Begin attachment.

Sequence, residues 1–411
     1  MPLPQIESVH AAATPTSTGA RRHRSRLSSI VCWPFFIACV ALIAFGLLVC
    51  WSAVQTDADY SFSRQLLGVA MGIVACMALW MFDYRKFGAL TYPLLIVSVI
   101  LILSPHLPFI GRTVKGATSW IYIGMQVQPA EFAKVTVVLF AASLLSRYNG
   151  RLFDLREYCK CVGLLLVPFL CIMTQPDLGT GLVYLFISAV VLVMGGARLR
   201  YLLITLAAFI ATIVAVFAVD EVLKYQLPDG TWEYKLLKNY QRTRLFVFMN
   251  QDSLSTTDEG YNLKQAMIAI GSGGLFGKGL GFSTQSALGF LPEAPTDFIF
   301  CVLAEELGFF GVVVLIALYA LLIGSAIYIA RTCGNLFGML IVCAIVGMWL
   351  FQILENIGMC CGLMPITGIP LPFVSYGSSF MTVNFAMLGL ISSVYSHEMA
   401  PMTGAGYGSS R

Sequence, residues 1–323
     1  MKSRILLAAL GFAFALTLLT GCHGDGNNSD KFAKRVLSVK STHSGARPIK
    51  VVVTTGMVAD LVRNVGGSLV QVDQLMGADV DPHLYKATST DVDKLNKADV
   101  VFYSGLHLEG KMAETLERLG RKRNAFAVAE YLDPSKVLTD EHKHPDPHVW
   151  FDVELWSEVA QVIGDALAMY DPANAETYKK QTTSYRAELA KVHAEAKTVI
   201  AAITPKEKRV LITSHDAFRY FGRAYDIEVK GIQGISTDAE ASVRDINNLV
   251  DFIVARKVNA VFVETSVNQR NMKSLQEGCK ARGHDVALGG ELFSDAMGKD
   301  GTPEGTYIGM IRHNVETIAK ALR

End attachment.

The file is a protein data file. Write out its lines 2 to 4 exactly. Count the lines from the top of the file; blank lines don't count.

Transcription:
     1  MPLPQIESVH AAATPTSTGA RRHRSRLSSI VCWPFFIACV ALIAFGLLVC
    51  WSAVQTDADY SFSRQLLGVA MGIVACMALW MFDYRKFGAL TYPLLIVSVI
   101  LILSPHLPFI GRTVKGATSW IYIGMQVQPA EFAKVTVVLF AASLLSRYNG